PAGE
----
Ken also learned the United States government does not look for missing U.S. servicemen killed in action. If the remains of someone thought to be an American serviceperson turns up, the Joint POW/MIA Accountability Command may be sent to check it out, but it won’t conduct a search for a serviceperson’s remains because it doesn’t have the staff.
In August 1985, Ken, with some of his investigative information in hand, flew to Honiara, the capital city of the 90-mile-long and 35-mile-wide island.
“During my first trip, I told the priest at the mission nearby, ‘The thing that bothers me is my brother and all the other Marines buried over here are without a grave marker and nobody knows where they are. The priest made me an offer. He said, ‘If you have a plaque made for your brother and his friend, I’ll put it on the church wall.’
“When I returned the following year, I brought the plaque with me. It’s up on the wall of the church today,” he said.
Ken got a room in Honiara, which is about the size of Punta Gorda, stayed at one of the island’s three hotels, rented a car and took a drive on Guadalcanal’s only paved road five miles out of town to the area where he thought Robert was buried.
“I spotted the cliff where the Japanese soldier set up his machine gun. I knew I was in the general area of the battle,” Ken said. “I stopped the car and an eerie feeling came over me. This was in the right spot to begin my search, I was certain.”
Tomorrow: What Ken Budd found buried on his later Guadalcanal quests.
When I called Ken Budd to set up an interview with him about his search for his brother, a Marine killed during the Battle for Guadalcanal in World War II, I suggested meeting him at his home the following Monday morning. He asked me what the date was.
I looked at my pocket calendar and told him, “Aug. 27.”
He hesitated a minute and then said, “I won’t have any trouble remembering that date.”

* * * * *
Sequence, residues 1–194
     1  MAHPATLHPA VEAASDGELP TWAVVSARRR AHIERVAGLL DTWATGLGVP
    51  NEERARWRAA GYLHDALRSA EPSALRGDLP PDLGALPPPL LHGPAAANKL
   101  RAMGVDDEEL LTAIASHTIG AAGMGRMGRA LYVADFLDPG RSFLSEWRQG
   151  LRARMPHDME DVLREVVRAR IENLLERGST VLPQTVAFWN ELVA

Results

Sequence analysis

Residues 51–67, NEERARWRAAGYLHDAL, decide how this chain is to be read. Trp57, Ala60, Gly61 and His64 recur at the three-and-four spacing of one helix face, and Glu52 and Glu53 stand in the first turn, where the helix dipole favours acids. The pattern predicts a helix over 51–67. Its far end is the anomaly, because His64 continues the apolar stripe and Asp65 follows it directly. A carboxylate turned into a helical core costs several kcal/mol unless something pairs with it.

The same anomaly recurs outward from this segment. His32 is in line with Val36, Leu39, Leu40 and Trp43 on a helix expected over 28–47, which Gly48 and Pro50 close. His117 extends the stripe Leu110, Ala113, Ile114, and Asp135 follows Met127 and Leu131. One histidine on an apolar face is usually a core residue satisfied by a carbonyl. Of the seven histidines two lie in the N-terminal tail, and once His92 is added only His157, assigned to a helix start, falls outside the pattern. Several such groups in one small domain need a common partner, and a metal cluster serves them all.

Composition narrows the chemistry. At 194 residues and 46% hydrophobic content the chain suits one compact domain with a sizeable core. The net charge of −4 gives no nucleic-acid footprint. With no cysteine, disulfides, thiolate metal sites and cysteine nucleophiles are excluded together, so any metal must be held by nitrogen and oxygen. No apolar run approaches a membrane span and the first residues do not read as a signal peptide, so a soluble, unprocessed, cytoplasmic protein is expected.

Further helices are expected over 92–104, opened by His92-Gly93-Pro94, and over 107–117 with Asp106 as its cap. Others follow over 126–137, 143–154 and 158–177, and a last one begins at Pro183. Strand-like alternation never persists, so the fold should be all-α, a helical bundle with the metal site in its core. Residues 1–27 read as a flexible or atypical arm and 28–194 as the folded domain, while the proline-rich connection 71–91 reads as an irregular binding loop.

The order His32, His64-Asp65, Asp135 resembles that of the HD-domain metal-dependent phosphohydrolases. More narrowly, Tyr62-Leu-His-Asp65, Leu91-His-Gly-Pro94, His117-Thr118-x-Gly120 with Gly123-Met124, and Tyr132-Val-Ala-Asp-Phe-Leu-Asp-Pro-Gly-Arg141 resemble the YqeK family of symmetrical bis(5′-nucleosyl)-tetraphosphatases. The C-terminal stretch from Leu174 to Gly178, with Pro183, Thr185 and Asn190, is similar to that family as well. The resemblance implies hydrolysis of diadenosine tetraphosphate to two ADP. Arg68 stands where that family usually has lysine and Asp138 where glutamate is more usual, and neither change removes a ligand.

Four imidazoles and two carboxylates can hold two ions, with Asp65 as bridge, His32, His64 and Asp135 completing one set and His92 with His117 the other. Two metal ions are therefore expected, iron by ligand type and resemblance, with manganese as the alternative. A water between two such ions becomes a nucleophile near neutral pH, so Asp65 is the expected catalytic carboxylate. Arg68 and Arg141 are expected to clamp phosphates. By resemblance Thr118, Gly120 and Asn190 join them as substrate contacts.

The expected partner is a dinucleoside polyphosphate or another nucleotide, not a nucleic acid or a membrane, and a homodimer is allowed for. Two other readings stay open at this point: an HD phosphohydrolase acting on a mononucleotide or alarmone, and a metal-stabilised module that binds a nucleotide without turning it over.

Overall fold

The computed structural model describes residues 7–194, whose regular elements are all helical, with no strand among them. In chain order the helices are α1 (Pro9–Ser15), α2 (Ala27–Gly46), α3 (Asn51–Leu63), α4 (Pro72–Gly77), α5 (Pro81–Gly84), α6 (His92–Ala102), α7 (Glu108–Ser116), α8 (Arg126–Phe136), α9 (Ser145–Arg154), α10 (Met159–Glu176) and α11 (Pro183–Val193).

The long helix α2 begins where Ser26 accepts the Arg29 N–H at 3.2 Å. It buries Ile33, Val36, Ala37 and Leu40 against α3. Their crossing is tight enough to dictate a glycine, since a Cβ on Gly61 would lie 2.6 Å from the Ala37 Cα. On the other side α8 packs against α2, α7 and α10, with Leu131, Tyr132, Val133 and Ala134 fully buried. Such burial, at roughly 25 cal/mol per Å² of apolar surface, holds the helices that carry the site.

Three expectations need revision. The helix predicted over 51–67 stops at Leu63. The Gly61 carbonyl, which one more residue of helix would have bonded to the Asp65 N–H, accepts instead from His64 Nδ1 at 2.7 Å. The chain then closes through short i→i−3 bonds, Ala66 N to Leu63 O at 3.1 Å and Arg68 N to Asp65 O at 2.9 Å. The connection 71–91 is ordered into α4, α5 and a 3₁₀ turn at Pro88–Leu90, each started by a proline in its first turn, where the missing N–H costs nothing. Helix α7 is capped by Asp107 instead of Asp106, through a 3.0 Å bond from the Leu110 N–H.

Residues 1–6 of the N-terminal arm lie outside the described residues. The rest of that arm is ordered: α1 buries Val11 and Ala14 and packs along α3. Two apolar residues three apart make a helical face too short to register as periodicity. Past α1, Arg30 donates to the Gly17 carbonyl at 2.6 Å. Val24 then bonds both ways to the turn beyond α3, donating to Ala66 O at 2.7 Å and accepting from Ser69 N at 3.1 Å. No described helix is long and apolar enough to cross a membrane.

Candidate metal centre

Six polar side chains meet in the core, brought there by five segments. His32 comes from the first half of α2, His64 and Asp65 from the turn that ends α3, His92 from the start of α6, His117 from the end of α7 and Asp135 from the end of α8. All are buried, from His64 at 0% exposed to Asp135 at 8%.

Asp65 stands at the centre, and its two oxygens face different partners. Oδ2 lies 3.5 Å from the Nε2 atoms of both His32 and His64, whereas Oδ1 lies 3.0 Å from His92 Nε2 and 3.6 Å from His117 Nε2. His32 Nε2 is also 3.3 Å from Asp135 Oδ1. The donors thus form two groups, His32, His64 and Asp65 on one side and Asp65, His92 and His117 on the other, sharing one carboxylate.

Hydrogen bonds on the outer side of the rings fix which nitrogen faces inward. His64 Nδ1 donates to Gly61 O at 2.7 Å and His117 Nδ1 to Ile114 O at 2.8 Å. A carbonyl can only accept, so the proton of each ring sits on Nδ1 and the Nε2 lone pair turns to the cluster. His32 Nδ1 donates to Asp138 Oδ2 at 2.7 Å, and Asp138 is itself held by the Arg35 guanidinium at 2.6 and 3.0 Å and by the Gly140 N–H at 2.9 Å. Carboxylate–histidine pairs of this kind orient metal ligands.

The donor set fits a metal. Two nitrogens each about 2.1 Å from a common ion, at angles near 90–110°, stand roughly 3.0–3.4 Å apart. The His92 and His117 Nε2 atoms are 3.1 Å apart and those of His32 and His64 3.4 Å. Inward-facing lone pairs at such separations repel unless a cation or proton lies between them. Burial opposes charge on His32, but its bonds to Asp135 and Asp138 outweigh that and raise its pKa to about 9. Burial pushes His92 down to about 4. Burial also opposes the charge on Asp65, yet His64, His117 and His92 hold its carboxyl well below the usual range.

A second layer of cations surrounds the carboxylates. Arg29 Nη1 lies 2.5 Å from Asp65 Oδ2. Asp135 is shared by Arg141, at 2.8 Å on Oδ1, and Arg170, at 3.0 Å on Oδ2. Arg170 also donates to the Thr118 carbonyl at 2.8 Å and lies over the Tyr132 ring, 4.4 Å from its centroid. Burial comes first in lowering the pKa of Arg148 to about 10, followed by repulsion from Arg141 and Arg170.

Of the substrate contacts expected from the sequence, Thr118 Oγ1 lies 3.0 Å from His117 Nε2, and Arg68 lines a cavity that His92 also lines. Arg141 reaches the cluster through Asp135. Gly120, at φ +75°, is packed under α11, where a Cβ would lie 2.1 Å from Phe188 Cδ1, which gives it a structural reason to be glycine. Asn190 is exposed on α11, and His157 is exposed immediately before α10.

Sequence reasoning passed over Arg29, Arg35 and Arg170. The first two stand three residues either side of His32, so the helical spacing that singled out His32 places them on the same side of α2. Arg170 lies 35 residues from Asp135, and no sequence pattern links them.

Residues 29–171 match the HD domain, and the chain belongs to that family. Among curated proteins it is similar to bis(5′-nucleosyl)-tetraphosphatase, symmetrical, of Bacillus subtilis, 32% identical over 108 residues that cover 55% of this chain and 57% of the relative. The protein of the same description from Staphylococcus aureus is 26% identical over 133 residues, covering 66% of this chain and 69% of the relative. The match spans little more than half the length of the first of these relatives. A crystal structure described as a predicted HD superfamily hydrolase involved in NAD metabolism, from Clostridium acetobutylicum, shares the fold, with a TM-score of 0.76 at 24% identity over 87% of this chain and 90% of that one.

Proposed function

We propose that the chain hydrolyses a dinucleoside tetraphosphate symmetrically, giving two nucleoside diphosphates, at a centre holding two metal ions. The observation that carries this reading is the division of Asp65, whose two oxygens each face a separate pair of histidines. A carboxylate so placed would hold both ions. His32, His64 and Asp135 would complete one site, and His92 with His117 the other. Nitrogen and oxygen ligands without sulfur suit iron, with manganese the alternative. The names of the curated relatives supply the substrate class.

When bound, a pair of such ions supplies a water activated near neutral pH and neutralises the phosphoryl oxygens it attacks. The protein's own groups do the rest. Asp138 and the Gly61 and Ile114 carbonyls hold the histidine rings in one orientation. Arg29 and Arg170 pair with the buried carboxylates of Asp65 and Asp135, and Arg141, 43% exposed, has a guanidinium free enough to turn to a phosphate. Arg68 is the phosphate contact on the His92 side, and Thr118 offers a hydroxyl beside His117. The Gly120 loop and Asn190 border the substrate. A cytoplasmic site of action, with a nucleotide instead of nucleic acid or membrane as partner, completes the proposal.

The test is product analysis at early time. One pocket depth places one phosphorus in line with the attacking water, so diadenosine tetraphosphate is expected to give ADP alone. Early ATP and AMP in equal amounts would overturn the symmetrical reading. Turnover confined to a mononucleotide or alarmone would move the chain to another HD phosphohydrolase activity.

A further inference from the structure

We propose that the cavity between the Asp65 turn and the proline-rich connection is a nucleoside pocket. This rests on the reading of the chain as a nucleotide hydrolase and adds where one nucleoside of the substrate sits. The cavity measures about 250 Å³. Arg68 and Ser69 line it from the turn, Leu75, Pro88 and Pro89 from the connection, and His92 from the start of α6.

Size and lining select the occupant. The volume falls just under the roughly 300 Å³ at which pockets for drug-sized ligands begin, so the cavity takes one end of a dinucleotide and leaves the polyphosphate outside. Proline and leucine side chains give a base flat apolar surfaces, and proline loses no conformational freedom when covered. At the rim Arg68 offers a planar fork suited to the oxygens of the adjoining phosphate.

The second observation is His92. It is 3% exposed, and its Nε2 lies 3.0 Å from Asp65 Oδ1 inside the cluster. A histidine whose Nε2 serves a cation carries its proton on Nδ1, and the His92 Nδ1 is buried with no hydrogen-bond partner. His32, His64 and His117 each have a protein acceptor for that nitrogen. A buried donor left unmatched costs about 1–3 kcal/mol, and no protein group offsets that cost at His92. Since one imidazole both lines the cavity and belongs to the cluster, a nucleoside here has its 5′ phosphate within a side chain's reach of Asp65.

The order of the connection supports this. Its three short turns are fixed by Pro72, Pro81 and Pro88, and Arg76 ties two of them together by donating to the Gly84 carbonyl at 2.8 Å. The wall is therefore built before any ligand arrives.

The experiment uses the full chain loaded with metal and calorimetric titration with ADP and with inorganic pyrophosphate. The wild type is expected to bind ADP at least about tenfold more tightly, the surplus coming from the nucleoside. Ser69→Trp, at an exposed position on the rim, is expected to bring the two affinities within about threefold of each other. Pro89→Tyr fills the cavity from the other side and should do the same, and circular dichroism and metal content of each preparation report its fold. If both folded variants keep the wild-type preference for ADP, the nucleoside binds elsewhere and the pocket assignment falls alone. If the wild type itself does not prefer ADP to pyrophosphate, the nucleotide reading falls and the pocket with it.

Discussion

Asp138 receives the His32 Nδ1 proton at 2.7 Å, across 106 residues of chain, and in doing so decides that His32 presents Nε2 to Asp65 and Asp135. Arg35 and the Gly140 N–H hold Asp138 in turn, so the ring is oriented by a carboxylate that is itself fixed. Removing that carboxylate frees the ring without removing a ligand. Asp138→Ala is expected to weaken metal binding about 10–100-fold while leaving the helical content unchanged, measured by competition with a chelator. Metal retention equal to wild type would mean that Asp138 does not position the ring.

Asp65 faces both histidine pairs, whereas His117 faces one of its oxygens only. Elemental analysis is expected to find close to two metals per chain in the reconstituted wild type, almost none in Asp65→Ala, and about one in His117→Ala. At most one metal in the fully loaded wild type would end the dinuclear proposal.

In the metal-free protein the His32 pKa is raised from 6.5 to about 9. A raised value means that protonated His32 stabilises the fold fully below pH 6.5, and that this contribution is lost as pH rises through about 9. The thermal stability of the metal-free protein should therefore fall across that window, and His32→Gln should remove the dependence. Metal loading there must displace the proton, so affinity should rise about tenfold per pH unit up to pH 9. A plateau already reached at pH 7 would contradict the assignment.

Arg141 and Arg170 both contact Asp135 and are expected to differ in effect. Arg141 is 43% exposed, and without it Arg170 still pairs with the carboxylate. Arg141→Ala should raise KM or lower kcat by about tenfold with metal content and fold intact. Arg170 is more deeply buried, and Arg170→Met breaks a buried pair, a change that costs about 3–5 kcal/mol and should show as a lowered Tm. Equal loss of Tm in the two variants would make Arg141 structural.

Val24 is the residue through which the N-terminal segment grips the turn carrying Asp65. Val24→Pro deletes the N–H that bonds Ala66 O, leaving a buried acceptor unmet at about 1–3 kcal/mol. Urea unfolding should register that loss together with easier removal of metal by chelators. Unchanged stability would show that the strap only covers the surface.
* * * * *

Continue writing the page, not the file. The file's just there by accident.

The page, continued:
“Why is that?” I asked.
“That was the date Robert was killed on Guadalcanal — Aug. 27, 1942.”
On second dig, man finds human bones about – where he expected brother’s remains to be - Second of two parts
Ken Budd was 10,000 miles away from his Tropical Gulf Acres home south of Punta Gorda. He stopped his rental car outside Honiara, the capital city on Guadalcanal, one of the many Pacific islands in the Solomon Island chain. He was certain that is where his brother’s World War II grave, for which he had been searching decades, was located.
There was the 100-foot-high bluff where the Japanese machine gunner ambushed Pvt. Robert Budd. Ken also had an eerie feeling he couldn’t explain, which told him this was the place.
He had spent years assembling facts, like the pieces of a jigsaw puzzle, about his older brother’s death. Ken knew how his brother was killed, when he was killed and roughly where he was killed. An Army Grave Registration team that searched shortly after the war for his brother’s remains, and the remains of a number of other Marines killed in the same firefight, turned up nothing.
That’s why he was there. It was August 1985 and Ken was on his first quest to solve the riddle and find his brother’s bones.
“I stopped at a nearby Catholic mission and talked to the priest, who was an American. I told him I was searching for my brother and he took me to meet a number of local Micronesian villagers,” Ken explained. “On this first visit, I found an older native named Mingara, who in 1946 or ’47 had taken the Grave Registration team out to search for the buried Marines.”
He learned from the native that the Grave Registration people never dug the first hole. They apparently falsified their records by noting they dug here and there in the general area, but found nothing.
On that first trip to Guadalcanal, Ken developed an understanding about the terrain and where to dig. However, he held off digging until his second trip.
The following year, in 1986, he came back with his wife, Nancy. She was concerned the natives might put him in a pot and eat him for lunch. What Nancy learned on her only trip to the Solomon Islands was that the Micronesian people were friendly and charming.